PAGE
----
Flavocoxid is a prescription medical food that is used to treat osteoarthritis. It is a proprietary blend of 2 flavonoids, baicalin and catechins, which are derived from the botanicals Scutellaria baicalensis and Acacia catechu, respectively.
Objective: To describe characteristics of patients with acute liver injury suspected of being caused by flavocoxid.
Design: Case series.
Setting: Drug-Induced Liver Injury Network Prospective Study ongoing at multiple academic medical centers since 2004.
Patients: Four adults with liver injury.
Measurements: Clinical characteristics, liver biochemistry values, and outcomes.
Results: Among 877 patients enrolled in the prospective study, 4 had liver injury suspected to have been caused by flavocoxid. All were women; ages ranged from 57 to 68 years. All developed symptoms and signs of liver injury within 1 to 3 months after initiating flavocoxid. Liver injury was characterized by marked elevations in levels of alanine aminotransferase (mean peak, 1268 U/L; range, 741 to 1540 U/L), alkaline phosphatase (mean peak, 510 U/L; range, 286 to 770 U/L), and serum bilirubin (mean peak, 160.7 µmol/L [9.4 mg/dL]; range, 34.2 to 356 µmol/L [2.0 to 20.8 mg/dL]). Liver biochemistry values decreased to the normal range within 3 to 12 weeks after flavocoxid was stopped, and all patients recovered without experiencing acute liver failure or chronic liver injury. Causality was adjudicated as highly likely in 3 patients and as possible in 1 patient.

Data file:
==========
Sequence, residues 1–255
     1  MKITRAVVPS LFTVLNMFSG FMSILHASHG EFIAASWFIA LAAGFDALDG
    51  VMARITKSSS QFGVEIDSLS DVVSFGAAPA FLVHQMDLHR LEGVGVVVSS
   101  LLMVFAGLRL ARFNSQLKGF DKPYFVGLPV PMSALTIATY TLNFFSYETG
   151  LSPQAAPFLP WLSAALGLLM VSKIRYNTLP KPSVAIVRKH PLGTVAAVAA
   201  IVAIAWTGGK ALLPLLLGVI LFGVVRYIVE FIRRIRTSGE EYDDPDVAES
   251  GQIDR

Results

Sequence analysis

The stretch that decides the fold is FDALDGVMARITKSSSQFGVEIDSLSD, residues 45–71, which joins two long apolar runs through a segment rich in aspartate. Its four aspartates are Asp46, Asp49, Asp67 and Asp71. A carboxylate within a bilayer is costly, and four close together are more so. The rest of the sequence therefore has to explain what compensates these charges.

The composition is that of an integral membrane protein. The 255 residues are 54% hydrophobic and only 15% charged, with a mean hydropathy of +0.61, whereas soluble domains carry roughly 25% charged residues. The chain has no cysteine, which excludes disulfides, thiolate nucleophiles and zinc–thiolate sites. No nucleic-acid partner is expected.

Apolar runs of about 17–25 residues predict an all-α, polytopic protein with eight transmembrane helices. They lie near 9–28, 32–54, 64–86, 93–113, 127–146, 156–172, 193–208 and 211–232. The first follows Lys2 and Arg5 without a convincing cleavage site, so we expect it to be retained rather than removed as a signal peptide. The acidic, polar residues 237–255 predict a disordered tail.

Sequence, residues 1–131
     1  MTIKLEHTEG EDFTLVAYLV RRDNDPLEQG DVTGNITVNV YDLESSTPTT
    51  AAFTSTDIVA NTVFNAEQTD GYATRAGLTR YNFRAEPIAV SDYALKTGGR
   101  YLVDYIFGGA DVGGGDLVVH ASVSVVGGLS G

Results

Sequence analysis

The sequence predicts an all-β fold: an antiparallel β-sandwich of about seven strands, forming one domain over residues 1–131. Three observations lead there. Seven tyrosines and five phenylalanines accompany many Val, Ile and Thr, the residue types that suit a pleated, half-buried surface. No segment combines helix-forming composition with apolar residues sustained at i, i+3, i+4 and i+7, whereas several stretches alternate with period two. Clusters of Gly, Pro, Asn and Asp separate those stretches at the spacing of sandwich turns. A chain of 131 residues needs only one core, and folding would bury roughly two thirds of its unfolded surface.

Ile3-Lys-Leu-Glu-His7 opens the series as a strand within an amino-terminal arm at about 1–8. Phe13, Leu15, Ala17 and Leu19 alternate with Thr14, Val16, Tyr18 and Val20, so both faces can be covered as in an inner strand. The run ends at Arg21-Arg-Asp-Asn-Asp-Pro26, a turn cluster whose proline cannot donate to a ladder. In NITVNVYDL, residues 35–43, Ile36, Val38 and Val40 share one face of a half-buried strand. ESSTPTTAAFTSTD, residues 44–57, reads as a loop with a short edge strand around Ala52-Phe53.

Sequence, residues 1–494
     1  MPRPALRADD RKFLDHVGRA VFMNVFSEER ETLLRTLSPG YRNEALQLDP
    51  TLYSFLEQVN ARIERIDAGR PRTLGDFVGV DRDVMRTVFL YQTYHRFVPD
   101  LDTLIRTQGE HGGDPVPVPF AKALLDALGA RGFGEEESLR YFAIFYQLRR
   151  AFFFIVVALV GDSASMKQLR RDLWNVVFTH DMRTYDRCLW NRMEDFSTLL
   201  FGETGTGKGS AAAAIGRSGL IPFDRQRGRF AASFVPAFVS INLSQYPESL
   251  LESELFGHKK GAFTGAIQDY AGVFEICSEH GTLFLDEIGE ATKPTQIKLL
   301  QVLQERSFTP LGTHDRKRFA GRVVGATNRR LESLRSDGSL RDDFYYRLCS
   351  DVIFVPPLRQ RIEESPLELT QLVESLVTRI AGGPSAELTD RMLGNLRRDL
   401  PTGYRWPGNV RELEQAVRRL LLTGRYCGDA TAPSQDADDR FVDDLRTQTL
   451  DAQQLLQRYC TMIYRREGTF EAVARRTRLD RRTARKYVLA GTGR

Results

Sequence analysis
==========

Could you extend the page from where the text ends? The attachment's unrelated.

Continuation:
Limitation: The frequency and mechanism of liver injury could not be assessed.
Conclusion: Flavocoxid can cause clinically significant liver injury, which seems to resolve within weeks after cessation.
Primary Funding Source: National Institute of Diabetes and Digestive and Kidney Diseases.